In the exciting new season three trailer for House of Cards it's hard to miss who makes the award-winning television show.
In case you did miss it, here's the third shot, which means three Netflixes in five seconds. The take-home is that House of Cards is Netflix. Netflix is House of Cards.
But here's the problem; when Netflix flicks on the switch in Australia reportedly on March 31, it may not even have the episodes ready to go.
Netflix Australia won't confirm the deal for House of Cards season three and it's turned into a favourite gossip item among television journalists: when will they finally show their cards and reveal what Australians can expect from its service?
"There will be more information about programming in the coming weeks," said a Netflix spokesperson to repeated questions from BuzzFeed News.
The spokesperson then revealed the line-up of shows it could confirm which included, among others, Marco Polo, Bojack Horseman and a Chelsea Handler comedy special.
Netflix is also in a pickle with its other award-winning show, Orange Is The New Black - it simply can't confirm if it has the rights to show it in Australia.
This baffling situation has come about because of a myriad of contacts signed with pay TV operator Foxtel, who hold most of the premium rights to shows like House of Cards in Australia.
Right now, deals are frantically being done so that Netflix can retrieve those rights off Foxtel. According to an industry source House of Cards is the first domino to fall and maybe Orange is the New Black will soon follow.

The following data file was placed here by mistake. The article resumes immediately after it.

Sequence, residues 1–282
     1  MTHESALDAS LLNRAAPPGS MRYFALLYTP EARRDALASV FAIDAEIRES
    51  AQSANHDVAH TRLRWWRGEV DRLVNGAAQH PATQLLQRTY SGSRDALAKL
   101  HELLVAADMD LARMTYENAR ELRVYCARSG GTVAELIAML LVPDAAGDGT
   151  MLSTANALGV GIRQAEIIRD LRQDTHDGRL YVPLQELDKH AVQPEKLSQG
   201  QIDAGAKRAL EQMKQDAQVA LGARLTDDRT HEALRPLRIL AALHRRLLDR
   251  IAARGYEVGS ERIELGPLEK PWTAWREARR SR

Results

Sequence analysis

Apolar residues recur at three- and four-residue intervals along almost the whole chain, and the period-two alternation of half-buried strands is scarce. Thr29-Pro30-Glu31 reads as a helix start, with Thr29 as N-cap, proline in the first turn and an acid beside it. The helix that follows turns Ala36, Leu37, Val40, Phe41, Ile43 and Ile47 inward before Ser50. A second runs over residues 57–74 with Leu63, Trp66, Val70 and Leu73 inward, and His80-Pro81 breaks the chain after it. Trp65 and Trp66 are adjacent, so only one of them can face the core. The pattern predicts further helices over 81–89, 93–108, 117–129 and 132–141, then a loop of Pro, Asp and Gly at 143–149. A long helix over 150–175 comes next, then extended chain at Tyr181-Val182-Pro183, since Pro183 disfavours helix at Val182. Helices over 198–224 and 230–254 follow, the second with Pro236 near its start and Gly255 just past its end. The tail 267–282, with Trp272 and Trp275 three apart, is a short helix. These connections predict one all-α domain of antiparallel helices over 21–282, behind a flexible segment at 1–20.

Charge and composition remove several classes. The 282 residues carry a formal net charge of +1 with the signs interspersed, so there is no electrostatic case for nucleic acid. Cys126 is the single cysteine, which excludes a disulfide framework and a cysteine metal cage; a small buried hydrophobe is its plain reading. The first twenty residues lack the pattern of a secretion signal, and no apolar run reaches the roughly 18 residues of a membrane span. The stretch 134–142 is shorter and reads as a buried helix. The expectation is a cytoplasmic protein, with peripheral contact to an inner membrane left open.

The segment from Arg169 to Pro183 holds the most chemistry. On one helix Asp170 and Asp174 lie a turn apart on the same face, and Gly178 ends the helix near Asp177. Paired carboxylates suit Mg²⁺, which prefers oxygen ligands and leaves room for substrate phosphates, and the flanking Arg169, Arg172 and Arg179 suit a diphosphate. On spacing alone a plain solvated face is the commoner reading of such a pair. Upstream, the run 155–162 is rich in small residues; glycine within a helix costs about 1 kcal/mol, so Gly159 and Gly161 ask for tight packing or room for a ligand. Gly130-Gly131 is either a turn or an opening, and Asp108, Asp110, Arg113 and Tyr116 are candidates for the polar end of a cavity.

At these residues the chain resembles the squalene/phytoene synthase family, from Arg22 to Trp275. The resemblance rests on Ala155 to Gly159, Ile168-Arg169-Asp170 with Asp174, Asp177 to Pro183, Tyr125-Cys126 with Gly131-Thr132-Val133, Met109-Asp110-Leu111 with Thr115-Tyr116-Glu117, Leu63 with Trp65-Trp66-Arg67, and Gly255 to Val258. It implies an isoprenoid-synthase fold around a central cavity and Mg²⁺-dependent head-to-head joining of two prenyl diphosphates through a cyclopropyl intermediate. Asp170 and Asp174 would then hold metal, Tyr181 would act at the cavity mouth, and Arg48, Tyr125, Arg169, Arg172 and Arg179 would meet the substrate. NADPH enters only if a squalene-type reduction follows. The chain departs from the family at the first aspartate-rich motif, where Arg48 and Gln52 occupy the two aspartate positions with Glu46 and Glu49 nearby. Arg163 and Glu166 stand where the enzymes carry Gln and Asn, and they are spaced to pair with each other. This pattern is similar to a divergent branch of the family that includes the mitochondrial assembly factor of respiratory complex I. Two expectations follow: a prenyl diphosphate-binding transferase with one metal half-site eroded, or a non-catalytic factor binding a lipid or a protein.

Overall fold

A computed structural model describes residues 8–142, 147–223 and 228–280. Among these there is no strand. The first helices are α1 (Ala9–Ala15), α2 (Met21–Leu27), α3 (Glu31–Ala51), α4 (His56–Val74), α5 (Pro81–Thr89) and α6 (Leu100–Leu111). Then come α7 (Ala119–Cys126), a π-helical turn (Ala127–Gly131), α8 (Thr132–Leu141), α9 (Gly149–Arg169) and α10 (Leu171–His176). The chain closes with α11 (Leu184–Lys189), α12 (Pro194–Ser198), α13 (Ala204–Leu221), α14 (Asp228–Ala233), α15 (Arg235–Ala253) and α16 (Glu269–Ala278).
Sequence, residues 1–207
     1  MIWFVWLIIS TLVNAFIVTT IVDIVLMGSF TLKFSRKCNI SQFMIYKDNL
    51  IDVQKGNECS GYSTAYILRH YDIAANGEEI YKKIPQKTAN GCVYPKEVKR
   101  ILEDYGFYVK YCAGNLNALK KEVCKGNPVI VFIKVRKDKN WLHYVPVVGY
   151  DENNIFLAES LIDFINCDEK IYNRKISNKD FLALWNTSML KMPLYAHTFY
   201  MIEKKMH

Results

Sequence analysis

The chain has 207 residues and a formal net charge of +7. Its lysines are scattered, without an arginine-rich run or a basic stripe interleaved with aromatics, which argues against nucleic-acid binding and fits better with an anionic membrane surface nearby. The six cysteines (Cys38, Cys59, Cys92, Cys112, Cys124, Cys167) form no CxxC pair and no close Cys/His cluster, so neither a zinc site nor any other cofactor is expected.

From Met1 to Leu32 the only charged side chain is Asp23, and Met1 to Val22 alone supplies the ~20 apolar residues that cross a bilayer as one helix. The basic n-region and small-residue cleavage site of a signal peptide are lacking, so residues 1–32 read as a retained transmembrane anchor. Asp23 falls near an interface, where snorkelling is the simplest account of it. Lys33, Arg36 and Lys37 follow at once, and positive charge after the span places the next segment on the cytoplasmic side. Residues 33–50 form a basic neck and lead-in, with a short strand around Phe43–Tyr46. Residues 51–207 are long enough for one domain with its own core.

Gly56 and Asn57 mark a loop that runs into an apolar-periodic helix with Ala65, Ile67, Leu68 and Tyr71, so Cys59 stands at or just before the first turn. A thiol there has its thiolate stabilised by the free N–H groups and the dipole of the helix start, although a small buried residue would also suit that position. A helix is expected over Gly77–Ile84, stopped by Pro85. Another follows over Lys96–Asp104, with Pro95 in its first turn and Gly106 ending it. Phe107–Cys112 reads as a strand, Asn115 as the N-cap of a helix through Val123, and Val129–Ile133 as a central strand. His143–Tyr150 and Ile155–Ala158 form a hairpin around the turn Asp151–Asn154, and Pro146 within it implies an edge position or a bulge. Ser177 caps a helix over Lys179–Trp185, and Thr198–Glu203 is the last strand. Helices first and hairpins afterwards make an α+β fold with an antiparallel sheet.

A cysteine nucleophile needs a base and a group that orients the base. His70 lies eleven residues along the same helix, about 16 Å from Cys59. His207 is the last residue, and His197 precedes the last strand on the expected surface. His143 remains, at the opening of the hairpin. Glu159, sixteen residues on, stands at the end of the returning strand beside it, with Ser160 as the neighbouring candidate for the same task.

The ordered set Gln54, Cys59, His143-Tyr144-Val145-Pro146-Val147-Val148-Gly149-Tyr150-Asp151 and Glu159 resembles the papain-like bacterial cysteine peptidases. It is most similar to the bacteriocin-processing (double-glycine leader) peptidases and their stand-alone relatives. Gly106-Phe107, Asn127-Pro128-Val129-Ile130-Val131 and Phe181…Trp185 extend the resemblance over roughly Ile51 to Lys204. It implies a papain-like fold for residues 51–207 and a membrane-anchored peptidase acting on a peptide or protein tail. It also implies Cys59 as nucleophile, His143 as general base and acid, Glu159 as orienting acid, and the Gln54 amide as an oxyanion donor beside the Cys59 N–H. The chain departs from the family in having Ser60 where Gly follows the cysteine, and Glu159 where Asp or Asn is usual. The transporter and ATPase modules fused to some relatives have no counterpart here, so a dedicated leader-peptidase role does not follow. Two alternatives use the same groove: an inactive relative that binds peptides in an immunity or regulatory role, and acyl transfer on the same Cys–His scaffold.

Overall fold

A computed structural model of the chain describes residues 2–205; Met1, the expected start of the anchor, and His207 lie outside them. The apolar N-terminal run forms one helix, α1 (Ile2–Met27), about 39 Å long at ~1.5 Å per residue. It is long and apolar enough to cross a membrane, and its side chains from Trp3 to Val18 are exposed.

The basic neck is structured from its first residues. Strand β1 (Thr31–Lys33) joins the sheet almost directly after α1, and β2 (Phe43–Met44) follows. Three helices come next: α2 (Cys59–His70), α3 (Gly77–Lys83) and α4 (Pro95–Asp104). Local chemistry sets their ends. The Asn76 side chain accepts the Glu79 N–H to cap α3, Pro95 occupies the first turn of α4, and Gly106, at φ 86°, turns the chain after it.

These frantic backroom deals are being hashed out in what some jokingly call the "Content Wars".
With Netflix weeks away from launch, Foxtel/Channel Seven's Presto service and Channel Nine/Fairfax's Stan are putting together libraries of TV shows and films with big US and UK studios. Something that they'll charge customers $9.99/month for.
An industry figure told BuzzFeed News "the situation is chaos" with Stan, Presto and Netflix battering each other to get into the market first, establish customer bases and scoop up the all important advertising dollars.
But Australian customers are hanging out for Netflix. The service has become a cultural symbol in the minds of many and is a byword for "stop illegally downloading shows".
But if the House of Cards struggle is anything to go by, it could be a rocky launch for all the new players. Even if Netflix gets it ready for the March 31 launch date, season three premieres in the U.S. more than five weeks earlier.
So does Netflix bring forward its Australian launch to give new customers a taste of what its like, not lagging behind the U.S.? Or will Aussies be treated to uncertainty, delays and waiting for a month to see Kevin Spacey as president?
That answer may decide how quickly people move away from illegal torrenting and pick up their credit cards.
NetflixPrestoStanProbably keep torrenting and stealing content
vote votesProbably keep torrenting and stealing content